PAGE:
Are localized voices the next frontier for text-to-speech?

As reported by the 2020 Spoken Audio Report, produced by NPR and Edison Research earlier this month, we are listening to more spoken audio than ever before. Spoken audio's share of listening has grown 30% over the past 6 years, 8% this last year.

Text-to-speech technology has come a long way in the last 6 years. Gone are those days when interacting with automated voices was confined to navigation, service centres and buggy early AI-assistants. Text-to-speech has proliferated into 50+ languages, and many more different voices, tones and styles.

SpeechKit works primarily with news publishers who, until now, have been limited to adopting off-the-shelf voices, provided by Amazon Polly and others.  These voices have worked great to increase engagement with news articles and provided readers with an option to listen to audio articles.

However, there’s room for improvement.

Cape Town, home of News24's local voice. Image credit Zoë Reeve.

Resonance keeps us engaged

All brands, whether that be in news media, consumer or any other sector, want to talk to their audience in a voice that resonates. This is the sweet spot of accent, intonation and style which satisfies listeners. Its why great voice artists can charge what they do and (what we’re finding at SpeechKit) it’s what keeps listeners engaged with audio articles.

Studies show that listening comprehension improves when a sentence is spoken in someone’s native accent. We’re more receptive to voices with meaning to us. Having lived much of my childhood in Australia, I live in the UK full-time now, yet my Siri is programmed to speak to me in an Australian accent. For one reason or another, it makes that experience personal – it gives it context and meaning. I find myself enjoying listening to the responses to my (less than meaningful) requests.

Custom localized synthetic voices

We’ve been helping publishers adopt audio articles for the past 3 years and we’re making good progress. Most recently we’ve started to develop custom synthetic voices for our customers who hope to create a voice that better resonates with their audience. Our first publisher, News24, South Africa’s largest news platform needed a South African-accented voice that could pronounce local names in Zulu, Xhosa and Afrikaans.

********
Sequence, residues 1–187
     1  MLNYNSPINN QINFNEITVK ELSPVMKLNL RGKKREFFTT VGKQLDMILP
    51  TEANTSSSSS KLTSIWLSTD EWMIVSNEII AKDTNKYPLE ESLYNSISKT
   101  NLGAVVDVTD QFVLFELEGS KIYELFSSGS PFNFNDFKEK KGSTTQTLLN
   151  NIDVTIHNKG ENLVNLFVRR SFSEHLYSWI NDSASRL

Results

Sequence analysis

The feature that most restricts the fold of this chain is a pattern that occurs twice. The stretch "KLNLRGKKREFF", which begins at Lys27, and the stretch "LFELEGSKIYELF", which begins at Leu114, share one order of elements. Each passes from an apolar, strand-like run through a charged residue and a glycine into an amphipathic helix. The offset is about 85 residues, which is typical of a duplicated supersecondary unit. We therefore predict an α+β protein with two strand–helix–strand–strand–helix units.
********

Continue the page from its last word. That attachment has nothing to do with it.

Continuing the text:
We developed the voice using a new machine learning technique to model realistic voices, requiring less training data than conventional methods. The voice was launched as a premium feature on a new digital subscription product at the beginning of August. During that month we observed an 407% increase in audio engagement on News24.com when compared to publishers using conventional text-to-speech voices. Furthermore, over the past two months average listen length per article has increased to 2 minutes and 12 seconds.

We’re confident that custom voices, tuned to the ear of the audience, are going to introduce new growth to text-to-speech audio articles. Advances in voice training are providing the efficiencies needed to allow for specialization and providing publishers the quality they need. Technology is allowing us to address the subtleties of voice, encouraging the further adoption of audio articles.

More about SpeechKit

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James Macleod

Co-Founder @ SpeechKit